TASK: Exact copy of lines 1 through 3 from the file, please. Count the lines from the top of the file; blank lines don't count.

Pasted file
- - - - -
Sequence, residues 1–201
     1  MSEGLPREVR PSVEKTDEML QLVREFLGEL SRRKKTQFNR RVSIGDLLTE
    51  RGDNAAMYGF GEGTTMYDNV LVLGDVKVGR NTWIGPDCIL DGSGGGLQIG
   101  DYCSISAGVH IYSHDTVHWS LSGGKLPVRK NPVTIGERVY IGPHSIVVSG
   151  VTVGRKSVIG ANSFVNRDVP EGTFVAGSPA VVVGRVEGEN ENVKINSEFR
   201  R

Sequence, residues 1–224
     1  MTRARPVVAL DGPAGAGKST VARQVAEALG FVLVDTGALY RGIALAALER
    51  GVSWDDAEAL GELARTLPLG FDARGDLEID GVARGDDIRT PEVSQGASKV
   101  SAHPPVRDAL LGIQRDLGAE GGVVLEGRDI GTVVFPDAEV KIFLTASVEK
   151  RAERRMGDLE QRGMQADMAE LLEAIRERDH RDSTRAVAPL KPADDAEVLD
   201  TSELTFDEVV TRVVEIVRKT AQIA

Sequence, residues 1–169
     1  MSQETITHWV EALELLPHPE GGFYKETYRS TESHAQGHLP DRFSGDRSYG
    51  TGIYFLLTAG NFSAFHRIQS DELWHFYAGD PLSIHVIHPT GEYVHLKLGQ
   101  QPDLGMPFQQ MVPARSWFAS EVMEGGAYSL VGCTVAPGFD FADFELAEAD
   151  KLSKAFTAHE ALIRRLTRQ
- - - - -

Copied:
Sequence, residues 1–201
     1  MSEGLPREVR PSVEKTDEML QLVREFLGEL SRRKKTQFNR RVSIGDLLTE
    51  RGDNAAMYGF GEGTTMYDNV LVLGDVKVGR NTWIGPDCIL DGSGGGLQIG